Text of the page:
The court held that the requisite pre-suit notice was sufficient to satisfy the statute of repose. Because the action commenced prior to the March 31, 2014 deadline, the homeowners were not barred from then filing suit.

The court’s interpretation of the statute of repose allows the homeowners to continue their suit against Centex to recover damages for construction defects made over 14 years ago. While this ruling likely will not open the flood gates of litigation, lawyers representing both homeowners and homebuilders should be aware that the statute of repose for improvements to real property does not require a formal lawsuit; rather pre-suit notice of a construction defect will protect plaintiffs from having their case dismissed.

1 Section 95.11(3)(c), Florida Statutes (2014).

2 Section 558.004, Florida Statutes (2014).

Statute of Repose: Is Equipment Installed as Part of Building Renovations Considered a “Product” or “Construction”?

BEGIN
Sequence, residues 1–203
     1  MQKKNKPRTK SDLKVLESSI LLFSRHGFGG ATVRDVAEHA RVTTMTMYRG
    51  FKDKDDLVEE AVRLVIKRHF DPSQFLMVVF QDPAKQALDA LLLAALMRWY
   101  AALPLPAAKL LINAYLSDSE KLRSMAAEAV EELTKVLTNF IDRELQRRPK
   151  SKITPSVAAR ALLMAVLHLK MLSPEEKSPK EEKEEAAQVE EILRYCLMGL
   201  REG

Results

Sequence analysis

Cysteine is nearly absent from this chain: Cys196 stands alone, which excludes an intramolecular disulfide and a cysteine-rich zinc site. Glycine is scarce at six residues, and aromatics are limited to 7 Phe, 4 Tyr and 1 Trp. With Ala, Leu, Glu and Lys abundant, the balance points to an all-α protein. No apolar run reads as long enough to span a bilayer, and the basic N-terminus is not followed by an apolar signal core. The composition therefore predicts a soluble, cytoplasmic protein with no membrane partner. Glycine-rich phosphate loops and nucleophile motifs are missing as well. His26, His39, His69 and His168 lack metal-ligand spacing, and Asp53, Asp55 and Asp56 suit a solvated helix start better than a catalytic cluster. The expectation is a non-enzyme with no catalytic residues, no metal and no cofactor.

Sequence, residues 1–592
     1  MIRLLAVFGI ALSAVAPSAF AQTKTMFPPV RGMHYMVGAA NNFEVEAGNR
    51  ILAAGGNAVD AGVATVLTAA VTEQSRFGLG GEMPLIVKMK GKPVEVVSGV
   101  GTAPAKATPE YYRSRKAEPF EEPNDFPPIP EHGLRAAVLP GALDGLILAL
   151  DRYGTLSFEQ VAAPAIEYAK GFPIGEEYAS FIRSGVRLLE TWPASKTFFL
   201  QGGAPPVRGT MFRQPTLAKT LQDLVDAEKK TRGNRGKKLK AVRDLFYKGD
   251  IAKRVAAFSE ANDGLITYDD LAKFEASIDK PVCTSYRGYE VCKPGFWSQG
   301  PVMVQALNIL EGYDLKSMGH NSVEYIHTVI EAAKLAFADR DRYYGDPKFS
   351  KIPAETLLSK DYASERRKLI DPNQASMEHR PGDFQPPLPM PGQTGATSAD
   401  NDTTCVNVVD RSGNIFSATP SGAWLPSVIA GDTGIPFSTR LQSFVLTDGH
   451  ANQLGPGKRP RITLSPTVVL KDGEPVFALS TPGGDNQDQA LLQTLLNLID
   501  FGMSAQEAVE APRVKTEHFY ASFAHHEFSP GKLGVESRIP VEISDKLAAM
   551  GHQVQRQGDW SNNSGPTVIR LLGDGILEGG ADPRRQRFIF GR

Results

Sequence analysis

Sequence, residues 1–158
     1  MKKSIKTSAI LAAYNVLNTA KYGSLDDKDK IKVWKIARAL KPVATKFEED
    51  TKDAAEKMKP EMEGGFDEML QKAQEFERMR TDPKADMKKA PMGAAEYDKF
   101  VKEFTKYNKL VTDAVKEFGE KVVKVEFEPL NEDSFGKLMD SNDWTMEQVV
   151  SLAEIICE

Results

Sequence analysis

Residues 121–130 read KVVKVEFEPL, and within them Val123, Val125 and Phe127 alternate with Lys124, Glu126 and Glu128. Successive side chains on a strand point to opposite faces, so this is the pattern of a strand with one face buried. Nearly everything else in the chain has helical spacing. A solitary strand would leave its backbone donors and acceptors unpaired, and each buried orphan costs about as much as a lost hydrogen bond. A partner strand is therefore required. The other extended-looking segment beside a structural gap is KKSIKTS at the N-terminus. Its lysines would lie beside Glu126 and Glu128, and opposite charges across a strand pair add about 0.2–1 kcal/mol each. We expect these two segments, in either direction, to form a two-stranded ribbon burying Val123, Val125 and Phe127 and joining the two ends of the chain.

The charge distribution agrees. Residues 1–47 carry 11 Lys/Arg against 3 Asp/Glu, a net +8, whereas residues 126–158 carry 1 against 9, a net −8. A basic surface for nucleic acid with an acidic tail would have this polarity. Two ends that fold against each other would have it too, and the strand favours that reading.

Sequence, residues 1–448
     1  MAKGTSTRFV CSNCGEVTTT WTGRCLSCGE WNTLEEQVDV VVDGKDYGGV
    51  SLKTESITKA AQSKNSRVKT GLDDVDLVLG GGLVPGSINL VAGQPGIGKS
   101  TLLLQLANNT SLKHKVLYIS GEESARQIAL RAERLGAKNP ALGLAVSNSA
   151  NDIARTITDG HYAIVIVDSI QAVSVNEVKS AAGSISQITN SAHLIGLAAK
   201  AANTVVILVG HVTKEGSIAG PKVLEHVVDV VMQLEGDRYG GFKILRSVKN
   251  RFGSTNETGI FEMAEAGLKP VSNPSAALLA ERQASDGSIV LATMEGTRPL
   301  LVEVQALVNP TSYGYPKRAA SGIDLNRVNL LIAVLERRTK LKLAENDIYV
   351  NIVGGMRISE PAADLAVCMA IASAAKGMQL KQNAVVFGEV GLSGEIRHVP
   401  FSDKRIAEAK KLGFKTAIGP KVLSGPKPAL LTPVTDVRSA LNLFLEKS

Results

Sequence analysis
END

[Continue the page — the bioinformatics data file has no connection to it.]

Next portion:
Donald A. Rea | Construction Industry Counselor | November 1, 2018

Resolution of the question is critical to the application of product liability statutes or construction law and their often differing statutes of limitation and repose.  It was recently addressed in Puente v. Resources Conservation Co., Int’l, No. 76604-0-I, 2018 WL 5146983 (Wash. App. Oct. 22, 2018).  There, the personal representative of the estate of Javier Puente sued several parties under product lability law when he suffered fatal boric acid burns while performing maintenance on a pump system installed in a manufacturing facility.  The estate sued under product liability law, but the trial court granted summary judgment based upon a six-year statute of repose governing construction related to “any improvement upon real property.”  Id. at * 1.